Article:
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Supernovae

  • Albert G. Petschek

Part of the Astronomy and Astrophysics Library book series (AAL)

Table of contents

  1. Front Matter
    Pages i-xiii
  2. Robert P. Harkness, J. Craig Wheeler
    Pages 1-29
  3. David Branch
    Pages 30-58
  4. Robert P. Kirshner
    Pages 59-75
  5. Richard A. Sramek, Kurt W. Weiler
    Pages 76-90
  6. Roger A. Chevalier
    Pages 91-110
  7. Peter G. Sutherland
    Pages 111-142
  8. Adam S. Burrows
    Pages 143-181
  9. Jerry Cooperstein, Edward A. Baron
    Pages 213-266
  10. Ronald W. Mayle
    Pages 267-289
  11. Back Matter
    Pages 291-293

About this book

Introduction

For millennia mankind has watched as the heavens move in their stately progression from night to night and from year to year, presaging with their changes the changing seasons. The sun, the moon, and the planets move in what appears to be an unchanging firmament, except occasionally when a new "star" appears. Among the new stars there are comets, novae, and finally supernovae, the subject of this book. Superstitious mankind regarded these events as significant portents and recorded them carefully so that we have records of supernovae that may reach back as far as 1300 B. C. (Clark and Stephenson, 1977; Murdin and Murdin, 1985). The Cygnus Loop, believed to be a 15,000-year-old supernova remnant at a distance of only 800 pc (Chevalier and Seward, 1988), must have awed our ancestors. Tycho's supernova of 1572, at a distance of 2500 pc, had a magnitude of -4. 0, comparable to Venus at its brightest, and Kepler's supernova of 1604 had a magnitude of - 3 or so. Thus the Cygnus Loop supernova might have had a magnitude of - 6 or so, and should have been readily visible in daytime. A supernova in Vela, about 8000 B. C. was comparably close, as was SN 1006, whose magnitude may have been -9. While most of the supernova records come from the Old World, the supernova of 1054 is recorded in at least one petroglyph in the American West.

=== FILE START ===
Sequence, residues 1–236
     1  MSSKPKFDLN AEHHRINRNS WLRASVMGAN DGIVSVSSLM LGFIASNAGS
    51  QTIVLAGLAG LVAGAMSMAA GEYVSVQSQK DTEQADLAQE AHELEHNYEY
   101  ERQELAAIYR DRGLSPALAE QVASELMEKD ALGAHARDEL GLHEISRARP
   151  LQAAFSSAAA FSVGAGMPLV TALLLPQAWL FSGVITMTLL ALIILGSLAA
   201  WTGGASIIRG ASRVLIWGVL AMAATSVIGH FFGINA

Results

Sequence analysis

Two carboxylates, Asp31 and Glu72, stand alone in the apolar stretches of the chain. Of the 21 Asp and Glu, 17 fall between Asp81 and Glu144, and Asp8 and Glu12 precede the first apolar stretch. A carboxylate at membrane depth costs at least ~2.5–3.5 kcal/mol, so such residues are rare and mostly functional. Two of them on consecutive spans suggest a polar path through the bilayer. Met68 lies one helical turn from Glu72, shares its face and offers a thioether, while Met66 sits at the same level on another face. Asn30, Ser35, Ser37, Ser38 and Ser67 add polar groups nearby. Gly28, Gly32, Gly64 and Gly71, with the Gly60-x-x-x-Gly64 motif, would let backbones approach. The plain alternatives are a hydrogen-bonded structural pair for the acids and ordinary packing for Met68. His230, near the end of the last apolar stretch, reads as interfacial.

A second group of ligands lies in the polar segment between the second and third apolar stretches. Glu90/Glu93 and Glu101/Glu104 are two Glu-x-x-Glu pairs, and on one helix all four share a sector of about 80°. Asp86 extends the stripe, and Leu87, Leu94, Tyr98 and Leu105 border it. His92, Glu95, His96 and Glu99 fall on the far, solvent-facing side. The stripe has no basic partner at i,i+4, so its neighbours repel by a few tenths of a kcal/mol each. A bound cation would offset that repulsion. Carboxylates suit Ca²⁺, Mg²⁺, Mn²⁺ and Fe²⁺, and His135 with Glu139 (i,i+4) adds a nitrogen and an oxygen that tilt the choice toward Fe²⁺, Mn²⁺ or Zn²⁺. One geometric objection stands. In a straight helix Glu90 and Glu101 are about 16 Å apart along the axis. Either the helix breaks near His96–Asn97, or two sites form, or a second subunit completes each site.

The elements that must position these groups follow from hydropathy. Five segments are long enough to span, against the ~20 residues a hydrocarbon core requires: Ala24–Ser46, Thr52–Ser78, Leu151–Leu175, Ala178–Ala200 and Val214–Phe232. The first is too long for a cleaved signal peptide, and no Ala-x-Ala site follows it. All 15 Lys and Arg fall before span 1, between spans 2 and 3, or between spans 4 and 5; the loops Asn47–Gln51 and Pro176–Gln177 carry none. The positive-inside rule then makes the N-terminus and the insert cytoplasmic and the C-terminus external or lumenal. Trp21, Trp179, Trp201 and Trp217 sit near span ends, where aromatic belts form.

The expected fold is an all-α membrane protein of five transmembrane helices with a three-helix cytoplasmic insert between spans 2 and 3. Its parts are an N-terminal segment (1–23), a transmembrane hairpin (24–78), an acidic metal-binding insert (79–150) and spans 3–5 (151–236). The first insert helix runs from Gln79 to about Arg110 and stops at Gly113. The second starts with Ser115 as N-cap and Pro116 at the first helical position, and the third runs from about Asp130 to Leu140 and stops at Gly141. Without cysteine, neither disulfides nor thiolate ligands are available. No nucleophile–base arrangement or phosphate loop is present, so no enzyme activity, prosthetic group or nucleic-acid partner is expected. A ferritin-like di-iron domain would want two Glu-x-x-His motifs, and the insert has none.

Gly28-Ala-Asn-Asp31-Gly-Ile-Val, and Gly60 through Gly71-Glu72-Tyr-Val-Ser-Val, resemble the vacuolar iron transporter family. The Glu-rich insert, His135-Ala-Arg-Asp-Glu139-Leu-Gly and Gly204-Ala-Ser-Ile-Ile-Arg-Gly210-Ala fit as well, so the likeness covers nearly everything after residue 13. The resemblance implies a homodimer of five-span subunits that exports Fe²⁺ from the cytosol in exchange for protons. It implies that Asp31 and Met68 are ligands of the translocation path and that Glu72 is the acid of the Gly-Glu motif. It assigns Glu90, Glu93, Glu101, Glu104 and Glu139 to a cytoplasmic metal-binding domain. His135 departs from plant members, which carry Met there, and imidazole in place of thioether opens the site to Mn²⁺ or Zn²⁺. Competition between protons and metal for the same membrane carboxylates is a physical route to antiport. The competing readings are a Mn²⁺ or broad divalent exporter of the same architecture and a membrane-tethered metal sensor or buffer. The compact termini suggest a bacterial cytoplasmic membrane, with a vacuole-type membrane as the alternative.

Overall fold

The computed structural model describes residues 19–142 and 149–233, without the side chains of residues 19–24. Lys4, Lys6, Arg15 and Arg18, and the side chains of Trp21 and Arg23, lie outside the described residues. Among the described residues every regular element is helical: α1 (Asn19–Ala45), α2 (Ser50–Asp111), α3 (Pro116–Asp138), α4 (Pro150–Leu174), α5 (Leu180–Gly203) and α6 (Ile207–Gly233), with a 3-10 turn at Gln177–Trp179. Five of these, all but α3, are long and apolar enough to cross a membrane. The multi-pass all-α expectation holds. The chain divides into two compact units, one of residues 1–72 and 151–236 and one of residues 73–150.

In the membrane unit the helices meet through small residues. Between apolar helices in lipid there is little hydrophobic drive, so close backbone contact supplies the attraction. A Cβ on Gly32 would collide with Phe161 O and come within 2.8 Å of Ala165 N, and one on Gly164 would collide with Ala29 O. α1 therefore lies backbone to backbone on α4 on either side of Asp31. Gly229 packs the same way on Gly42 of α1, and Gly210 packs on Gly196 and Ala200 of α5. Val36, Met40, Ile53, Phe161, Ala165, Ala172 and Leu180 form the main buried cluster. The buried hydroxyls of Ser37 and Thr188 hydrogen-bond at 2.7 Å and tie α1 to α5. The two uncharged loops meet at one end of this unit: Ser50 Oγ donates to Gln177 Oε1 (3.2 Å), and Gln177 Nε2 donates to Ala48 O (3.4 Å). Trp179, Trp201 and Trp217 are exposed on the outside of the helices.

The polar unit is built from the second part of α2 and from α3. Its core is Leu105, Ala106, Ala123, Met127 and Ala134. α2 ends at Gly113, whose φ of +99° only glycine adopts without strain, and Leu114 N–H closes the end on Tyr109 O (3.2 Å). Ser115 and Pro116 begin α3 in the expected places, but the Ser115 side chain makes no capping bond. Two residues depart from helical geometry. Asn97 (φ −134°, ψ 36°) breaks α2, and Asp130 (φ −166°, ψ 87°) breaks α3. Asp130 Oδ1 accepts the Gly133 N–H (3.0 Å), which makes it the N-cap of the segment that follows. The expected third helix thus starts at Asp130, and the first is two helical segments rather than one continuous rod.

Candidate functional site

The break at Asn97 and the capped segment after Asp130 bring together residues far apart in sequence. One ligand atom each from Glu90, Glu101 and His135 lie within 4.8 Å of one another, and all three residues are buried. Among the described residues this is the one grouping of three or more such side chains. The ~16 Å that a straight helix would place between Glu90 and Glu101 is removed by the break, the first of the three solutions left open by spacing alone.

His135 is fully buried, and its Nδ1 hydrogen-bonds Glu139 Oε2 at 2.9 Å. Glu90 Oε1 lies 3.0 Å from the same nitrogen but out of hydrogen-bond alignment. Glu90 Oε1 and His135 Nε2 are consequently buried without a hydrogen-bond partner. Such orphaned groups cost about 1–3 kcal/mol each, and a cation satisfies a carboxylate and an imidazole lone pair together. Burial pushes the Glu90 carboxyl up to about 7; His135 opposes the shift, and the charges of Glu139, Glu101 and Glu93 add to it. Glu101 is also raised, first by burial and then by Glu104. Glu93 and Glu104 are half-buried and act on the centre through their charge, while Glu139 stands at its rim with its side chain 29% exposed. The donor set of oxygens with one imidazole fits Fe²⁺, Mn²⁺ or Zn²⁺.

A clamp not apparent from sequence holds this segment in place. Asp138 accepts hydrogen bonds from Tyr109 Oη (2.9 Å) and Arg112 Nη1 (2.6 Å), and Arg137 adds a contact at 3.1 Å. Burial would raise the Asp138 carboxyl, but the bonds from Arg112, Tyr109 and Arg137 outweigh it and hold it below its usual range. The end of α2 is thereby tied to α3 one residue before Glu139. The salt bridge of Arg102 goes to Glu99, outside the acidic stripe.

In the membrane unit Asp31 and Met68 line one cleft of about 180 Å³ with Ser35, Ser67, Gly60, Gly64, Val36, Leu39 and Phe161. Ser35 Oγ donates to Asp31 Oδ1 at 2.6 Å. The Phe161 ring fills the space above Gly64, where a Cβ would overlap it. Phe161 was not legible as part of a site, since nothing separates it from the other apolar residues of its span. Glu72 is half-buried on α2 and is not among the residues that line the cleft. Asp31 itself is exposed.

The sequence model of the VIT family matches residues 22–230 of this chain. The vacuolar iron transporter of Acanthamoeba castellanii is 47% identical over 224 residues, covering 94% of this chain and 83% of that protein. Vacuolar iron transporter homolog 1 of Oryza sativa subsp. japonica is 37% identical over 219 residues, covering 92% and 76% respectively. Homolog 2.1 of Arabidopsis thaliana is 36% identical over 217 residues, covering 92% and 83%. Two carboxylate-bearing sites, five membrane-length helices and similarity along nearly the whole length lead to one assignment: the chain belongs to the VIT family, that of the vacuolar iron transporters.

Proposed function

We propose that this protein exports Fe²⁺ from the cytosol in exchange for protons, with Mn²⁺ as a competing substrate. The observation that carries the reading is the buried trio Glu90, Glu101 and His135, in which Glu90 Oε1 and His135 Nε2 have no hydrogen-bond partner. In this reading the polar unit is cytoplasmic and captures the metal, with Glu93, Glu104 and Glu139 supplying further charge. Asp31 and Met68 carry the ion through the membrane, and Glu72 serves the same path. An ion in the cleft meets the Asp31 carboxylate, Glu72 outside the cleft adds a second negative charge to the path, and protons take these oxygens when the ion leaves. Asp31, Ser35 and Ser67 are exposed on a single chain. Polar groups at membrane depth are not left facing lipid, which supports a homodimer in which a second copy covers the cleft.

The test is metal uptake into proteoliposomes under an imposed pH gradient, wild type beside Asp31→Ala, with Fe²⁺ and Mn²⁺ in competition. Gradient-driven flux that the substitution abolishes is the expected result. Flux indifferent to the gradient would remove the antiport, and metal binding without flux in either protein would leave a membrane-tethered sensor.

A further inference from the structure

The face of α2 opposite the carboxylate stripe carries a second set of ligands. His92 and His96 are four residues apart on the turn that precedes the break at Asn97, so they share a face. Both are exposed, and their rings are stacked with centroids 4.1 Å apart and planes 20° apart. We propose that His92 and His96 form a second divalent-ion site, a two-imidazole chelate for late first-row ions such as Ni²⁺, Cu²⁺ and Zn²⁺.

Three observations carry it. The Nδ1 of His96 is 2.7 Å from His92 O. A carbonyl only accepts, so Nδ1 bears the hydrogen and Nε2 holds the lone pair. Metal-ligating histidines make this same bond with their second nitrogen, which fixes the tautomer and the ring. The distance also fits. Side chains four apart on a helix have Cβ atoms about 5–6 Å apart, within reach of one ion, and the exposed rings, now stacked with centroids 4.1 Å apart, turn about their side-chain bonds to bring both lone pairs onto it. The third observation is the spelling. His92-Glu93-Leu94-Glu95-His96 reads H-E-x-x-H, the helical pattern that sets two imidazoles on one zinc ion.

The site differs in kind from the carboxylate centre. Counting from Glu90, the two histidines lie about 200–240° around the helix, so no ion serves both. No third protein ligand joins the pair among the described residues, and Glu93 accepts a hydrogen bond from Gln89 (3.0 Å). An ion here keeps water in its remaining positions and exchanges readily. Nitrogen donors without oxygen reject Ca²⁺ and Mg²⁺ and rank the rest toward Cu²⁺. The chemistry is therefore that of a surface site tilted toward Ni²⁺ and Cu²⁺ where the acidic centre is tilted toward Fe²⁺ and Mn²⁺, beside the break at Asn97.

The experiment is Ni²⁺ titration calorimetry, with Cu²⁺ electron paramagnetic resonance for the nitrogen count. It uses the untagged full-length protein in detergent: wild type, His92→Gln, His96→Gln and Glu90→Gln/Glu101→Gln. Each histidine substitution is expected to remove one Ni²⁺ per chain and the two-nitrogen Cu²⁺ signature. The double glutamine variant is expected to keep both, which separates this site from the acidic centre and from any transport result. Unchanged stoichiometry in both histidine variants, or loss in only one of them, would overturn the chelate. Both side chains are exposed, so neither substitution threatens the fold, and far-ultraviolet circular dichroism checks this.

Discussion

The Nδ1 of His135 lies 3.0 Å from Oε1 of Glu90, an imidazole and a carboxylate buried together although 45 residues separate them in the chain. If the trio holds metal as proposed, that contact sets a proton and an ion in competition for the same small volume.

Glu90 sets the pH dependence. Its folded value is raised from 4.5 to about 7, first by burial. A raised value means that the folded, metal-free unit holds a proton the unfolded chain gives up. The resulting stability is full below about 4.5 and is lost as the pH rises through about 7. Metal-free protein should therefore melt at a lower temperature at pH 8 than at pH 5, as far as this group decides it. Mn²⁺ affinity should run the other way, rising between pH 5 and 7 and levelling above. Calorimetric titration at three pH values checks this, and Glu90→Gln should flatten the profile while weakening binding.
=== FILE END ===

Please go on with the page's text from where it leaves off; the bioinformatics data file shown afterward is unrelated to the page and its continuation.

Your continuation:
Keywords

Supernova astronomy astrophysics cosmology gravitation gravity neutron star spectroscopy

Editors and affiliations

  • Albert G. Petschek
    • 1
    • 2
  1. 1.Department of PhysicsNew Mexico Institute of Mining and TechnologySocorroUSA
  2. 2.Los Alamos National LaboratoryLos AlamosUSA

Bibliographic information

  • DOI https://doi.org/10.1007/978-1-4612-3286-5
  • Copyright Information Springer-Verlag New York 1990
  • Publisher Name Springer, New York, NY
  • eBook Packages Springer Book Archive
  • Print ISBN 978-1-4612-7951-8
  • Online ISBN 978-1-4612-3286-5
  • Series Print ISSN 0941-7834
  • Buy this book on publisher's site
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